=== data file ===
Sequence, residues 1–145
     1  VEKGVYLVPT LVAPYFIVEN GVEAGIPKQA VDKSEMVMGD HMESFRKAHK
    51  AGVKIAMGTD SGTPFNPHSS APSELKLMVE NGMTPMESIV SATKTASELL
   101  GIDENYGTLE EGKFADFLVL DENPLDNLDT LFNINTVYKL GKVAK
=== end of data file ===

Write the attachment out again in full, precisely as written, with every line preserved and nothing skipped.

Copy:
Sequence, residues 1–145
     1  VEKGVYLVPT LVAPYFIVEN GVEAGIPKQA VDKSEMVMGD HMESFRKAHK
    51  AGVKIAMGTD SGTPFNPHSS APSELKLMVE NGMTPMESIV SATKTASELL
   101  GIDENYGTLE EGKFADFLVL DENPLDNLDT LFNINTVYKL GKVAK